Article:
Healing Hearts – Part 1
Today, we had the honor of leading a healing arts workshop at a local school that has suffered great loss over the last few months. These 4th graders lost a fellow classmate and friend, Anthony (“Amps”) Strauss, and were also dealing with other unexpected difficulties, including a parent with cancer.
Anthony’s sister, Gloria, passed away four years earlier after a battle with cancer, and his lovely older sister, Maria – also a student at the school – spoke at Art with Heart’s Color of Hope Benefit Breakfast in 2010. Anthony had been a Cub Scout, played soccer and was on the wrestling team.
Their teacher had told the kids that we were coming to help them use art to help them express what was in their hearts, and they welcomed us with open arms. She told us that she doesn’t often have the opportunity to use art in the classroom, so when the kids saw the markers and other art supplies that we unloaded, they cheered. Maria joined us and shared with the younger students how Art with Heart had helped her when she was having a hard time through the book Magnificent Marvelous Me.
Art Therapist and Board Member, Helena Hillinga Haas, introduced the class to a special workbook we put together for the class which coaxes kids through various prompts about feelings. After they were invited to personalized their books with their names and dedicated the book to the person of their choice, Ms. Haas had the students turn to one particular page, which features the faces of 12 different animals, each with a different expression on their faces. The kids labeled what they thought each animal was feeling and began coloring.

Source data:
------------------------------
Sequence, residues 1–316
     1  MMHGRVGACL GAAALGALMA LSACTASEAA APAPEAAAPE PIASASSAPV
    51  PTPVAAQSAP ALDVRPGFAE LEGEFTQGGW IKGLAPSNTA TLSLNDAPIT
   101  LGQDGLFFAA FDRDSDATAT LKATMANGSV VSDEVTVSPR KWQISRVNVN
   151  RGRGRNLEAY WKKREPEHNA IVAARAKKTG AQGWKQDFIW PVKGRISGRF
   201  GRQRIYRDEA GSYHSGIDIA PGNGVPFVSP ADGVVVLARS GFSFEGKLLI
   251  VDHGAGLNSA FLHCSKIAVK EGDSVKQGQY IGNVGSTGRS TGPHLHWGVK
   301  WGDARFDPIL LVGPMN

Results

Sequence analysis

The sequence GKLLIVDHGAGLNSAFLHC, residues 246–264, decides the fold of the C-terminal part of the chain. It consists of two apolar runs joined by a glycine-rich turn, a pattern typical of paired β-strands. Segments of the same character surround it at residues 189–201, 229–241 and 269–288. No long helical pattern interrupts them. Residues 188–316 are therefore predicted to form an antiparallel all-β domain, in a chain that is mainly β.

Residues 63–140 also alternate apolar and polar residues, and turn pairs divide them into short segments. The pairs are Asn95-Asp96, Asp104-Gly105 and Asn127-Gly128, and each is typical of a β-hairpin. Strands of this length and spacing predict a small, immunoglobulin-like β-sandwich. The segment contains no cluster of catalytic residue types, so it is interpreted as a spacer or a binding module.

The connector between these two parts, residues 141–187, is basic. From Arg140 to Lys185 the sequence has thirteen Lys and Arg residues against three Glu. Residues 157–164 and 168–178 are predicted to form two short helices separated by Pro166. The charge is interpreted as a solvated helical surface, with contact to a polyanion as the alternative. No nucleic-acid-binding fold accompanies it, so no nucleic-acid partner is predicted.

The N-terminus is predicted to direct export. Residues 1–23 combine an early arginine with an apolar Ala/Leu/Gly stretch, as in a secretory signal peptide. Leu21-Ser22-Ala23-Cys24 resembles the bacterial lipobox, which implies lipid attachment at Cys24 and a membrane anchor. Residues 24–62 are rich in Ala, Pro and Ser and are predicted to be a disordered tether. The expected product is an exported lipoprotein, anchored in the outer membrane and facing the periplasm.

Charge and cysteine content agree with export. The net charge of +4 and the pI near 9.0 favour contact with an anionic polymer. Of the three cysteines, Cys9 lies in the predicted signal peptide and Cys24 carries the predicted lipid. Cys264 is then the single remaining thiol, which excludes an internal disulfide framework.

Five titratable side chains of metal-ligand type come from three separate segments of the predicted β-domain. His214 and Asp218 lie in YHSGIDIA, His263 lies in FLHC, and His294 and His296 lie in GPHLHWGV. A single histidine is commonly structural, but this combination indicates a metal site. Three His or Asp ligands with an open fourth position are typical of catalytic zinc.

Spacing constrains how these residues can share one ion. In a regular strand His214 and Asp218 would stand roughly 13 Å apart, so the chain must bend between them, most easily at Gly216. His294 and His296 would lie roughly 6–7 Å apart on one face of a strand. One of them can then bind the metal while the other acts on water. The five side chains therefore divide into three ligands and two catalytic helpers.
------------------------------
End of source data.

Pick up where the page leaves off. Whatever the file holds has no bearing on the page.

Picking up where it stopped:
I am always fascinated with how some markers and a little direction can engage even the squirmiest kids. All around the classroom, heads were down, and the students were engrossed in the project. Music helped focus them, and the children sang along with “Amp’s Tunes” that the teacher played. Some of the children (as well as the adults in the room) became teary-eyed as they colored.
Ms. Haas then asked the kids to chose one of the emotions that they themselves had felt recently and gave them modeling clay to create a three-dimensional object representing that feeling. As soon as the clay was out of the wrappers, they began to mold, shape, and even color it. The use of clay has been found to be therapeutic in and of itself and has the effect of physically reducing stress and anxiety, allowing the kids to manipulate and manage their feelings.
At the end of the session, Ms. Haas asked the students if anyone wanted to share their art with the class. Hands shot up everywhere. One child showed the clay snail he made and said, “This is a happy snail. He’s happy because good things happen – just like what’s happening today.” Another child shared the bluebird she molded and said that her bird was happy because she had wings to fly above things. The student seated next to her said that he had made a bull and that it was angry. Another shared that she had created a confused cow. “Why do you think it’s confused?” Ms. Haas asked. “Because it doesn’t know how it feels…” Ms. Haas was able to guide the discussion to talk about how feelings are like that…sometimes you understand them and sometimes you don’t, and art helps us sort through it all.
One shy girl raised her hand and asked if she could read what she had written. She read aloud, “This Art with Heart organization helps people with their feelings – like [when] someone passes away (like Anthony…we miss him a whole lot). And that’s why Art with Heart came to our school and our classroom… Without Art with Heart, nobody would be this happy.”
Thank you to the teacher, the parents, and to our volunteers who helped make today’s workshop so meaningful and special. Thank you to Helena Hillinga Haas who led the workshop, Megan Beck who donated the printing of the books, Jill Beagles who assisted and kept everything moving smoothly, Maria who shared her experience with the class, and to Nancy Stillger who helped behind the scenes to bring together all the moving parts. But most especially, thank you to our donors who equip us with the ability to meet needs like this in the community.